The Sugar Ray Leonard-Thomas Hearns fight has suffered its first, and perhaps only, loss. The promoter of the Sept. 16 bout, Shelly Finkel, had his pocket picked while reaching to shake hands with Hearns shortly after his victory in Houston.

We need not schedule any benefits for him. The $350 can be recaptured with astonishing ease, for the Las Vegas match is expected to gross 1 1/2 times what the Chicago Cubs brought two weeks ago, more in fact than some countries generate in a decently long time frame.

In a $30 million production, $350 is the equivalent of one ticket, not terribly close to ringside, or serveral Los Angeles families gathering over munchies and beer in Charlie's basement and watching the Hit Man and Sugarman flail away each other on pay television.

Finkel is more familiar hyping rock shows, although he admits: "I'm crazy about boxing. If my father was alive, this would be his biggest moment. With rock stars, the major problem is egos; with boxers, it's tempers."

With nearly three months to get fight fans quivering in anticipation, public tempers already seem to be boiling, although few beyond WBC welterweight champion Leonard and WBA welterweight champion Hearns know far certain how much of this tough talk isn't jive.

Does Ray genuinely dislike Hearns, as he seemed to indicate after they each knocked opponents senseless Thursday night?

"Not at all. I was just sayin' those things."

Leonard still insists that if brain explorers happened to wander inside Hearns' head, they would find nothing.

Hearns still is smart enough to make about $10 million for 45 minutes of work. Or less. And both he and Leonard, who will earn a few pennies more from what is expected to net excess of $20 million, should adore each other at the moment. The hate can come later, days instead of weeks before the match, when their fight faces must be screwed on.

Hearns can only love a little fellow who even swigs soda for profit and who just might not be able to escape that jackhammer of a right. If Leonard is boxing's corporate giant, Hearns wants to be the wrecking ball.

Leonard has said Hearns has nothing he wants. Which only fools completely digest. Hearns has a reputation. He might get bucked off the bull at Gilley's but his punch is whispered hard enough to turn live bulls into instant steaks. And most humans into ground round.

A champion, even a money machine such as Leonard, needs someone as seemingly worthy as Hearns. But how can Leonard honestly be intimidated by anyone after going chin to whiskers with Roberto Duran for 15 rounds in Montreal and then humiliating him into quitting later in New Orleans? A Tommy gun surely would seem no more lethal than a Tommy cat after Duran.

"I'd like to back when I'm about 60 or 65, about you-all's ages." Leonard joked to some reporters, "with my grandchildren looking at films (of Duran walking away in round eight of the second fight) and say: 'You be the judge.'"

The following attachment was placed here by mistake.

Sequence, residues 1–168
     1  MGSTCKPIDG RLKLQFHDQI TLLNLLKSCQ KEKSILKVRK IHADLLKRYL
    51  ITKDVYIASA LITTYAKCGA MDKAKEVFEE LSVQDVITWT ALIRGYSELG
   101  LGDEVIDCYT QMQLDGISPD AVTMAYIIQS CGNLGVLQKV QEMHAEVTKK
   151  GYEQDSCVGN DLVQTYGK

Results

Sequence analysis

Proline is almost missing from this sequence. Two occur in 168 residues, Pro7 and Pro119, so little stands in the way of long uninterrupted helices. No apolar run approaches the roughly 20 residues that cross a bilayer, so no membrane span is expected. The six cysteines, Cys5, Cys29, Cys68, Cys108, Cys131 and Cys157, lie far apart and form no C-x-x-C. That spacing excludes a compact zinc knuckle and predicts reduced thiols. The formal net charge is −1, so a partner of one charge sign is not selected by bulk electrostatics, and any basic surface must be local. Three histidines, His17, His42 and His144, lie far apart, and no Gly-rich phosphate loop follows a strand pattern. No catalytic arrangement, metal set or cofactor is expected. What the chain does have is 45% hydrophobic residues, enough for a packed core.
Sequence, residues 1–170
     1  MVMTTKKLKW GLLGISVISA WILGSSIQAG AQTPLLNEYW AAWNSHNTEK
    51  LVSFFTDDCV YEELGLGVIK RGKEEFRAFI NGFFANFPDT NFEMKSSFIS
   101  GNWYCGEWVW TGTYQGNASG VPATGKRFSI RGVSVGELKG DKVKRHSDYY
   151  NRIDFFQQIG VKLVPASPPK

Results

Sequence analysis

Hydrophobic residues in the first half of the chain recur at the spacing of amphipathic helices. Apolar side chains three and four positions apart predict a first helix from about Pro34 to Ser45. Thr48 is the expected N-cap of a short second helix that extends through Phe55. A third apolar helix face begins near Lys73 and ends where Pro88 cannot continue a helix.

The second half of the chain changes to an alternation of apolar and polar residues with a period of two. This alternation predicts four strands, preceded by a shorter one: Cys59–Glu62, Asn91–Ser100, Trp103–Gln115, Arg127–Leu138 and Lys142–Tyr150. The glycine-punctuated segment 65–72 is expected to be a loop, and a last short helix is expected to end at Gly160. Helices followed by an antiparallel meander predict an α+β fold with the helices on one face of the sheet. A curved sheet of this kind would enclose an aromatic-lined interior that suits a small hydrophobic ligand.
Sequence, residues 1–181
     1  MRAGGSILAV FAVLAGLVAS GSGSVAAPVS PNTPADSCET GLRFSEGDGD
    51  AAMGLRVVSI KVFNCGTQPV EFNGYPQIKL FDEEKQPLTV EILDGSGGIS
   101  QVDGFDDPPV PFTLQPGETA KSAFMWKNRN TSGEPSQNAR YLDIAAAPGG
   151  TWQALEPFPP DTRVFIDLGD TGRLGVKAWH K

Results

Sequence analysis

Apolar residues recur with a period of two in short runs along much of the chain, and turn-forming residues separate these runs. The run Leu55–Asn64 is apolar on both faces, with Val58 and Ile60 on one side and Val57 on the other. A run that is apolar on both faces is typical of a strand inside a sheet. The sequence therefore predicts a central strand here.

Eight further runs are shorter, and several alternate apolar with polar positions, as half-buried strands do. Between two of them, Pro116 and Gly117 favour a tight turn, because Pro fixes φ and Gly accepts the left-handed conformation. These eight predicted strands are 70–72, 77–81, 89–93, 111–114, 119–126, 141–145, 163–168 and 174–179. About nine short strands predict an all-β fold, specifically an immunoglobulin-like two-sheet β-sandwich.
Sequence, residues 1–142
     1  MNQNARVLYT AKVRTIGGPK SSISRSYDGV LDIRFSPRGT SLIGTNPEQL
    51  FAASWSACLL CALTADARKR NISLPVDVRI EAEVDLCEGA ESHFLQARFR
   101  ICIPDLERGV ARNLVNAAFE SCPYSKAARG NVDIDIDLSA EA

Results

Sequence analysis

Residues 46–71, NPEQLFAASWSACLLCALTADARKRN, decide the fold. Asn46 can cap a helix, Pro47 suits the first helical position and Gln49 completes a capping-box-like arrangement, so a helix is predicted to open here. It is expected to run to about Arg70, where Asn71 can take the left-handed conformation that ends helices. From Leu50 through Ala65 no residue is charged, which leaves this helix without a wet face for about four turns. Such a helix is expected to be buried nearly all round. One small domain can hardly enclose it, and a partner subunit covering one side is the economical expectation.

A judge in Houston might believe Hearns to have been the superior man Thursday, for he dispatched Pablo Baez much sooner and more authoritatively than Leonard did Ayub Kalule. It might have been set up that way. If it was coincidence, anyone shrewd with a vested interest in Vegas had to be grateful.

To most of the paying public, Hearns still is relatively unknown. His glow as a puncher, somebody capable of making Ray see stars instead of dollar signs, still must be polished. What better way than against Pablo Baez, whose record might have been anything from 8-9-2 to 12-9-2 going into the ring and who seemed more determined to keep his trunks from falling than trying to fell Hearns?

Leonard's man was much more worthy, though Kalule's ability dwindles in the mind the more what happened during the bout becomes known. Somewhere about or during the third round, Leonard experienced what he later said seemed "a muscle pull."

X-rays a few hours after the fight showed nothing broken, but it was diagnosed as a severe bruise to the knuckle area nearest the wrist of his left hand. Nothing that will keep him from jabbing Hearns on schedule, Leonard and the rest of his camp assumes, but enough to have seriously limited him much of the way to the junior middleweight title.

How do you like a knockout in a championship fight with one hand tied behind my back? Leonard might coo toward Hearns.

Leonard and some of the brains outside his head, those belonging to Janks Morton and Angelo Dundee, insist he will be too elusive for Hearns, that an expression common to a sport being knocked on its duff -- baseball -- will apply: Hearns can't clobber what he can't see.

Still, Hearns is the elusive one at the moment. At press conferencs, Ray can't catch him. Or so he says.Quietly, they posed together for publicity and other pre-Vegas photos a day or so before the Houston fights. For each, it was a matter of convenience and confidence.

His showman's side on display, timing and facial expressions cued exactly, Leonard Friday morning admitted he and Hearns had spent some time together during the week and added, as a smile began to blossom: "He agreed I would knock him out."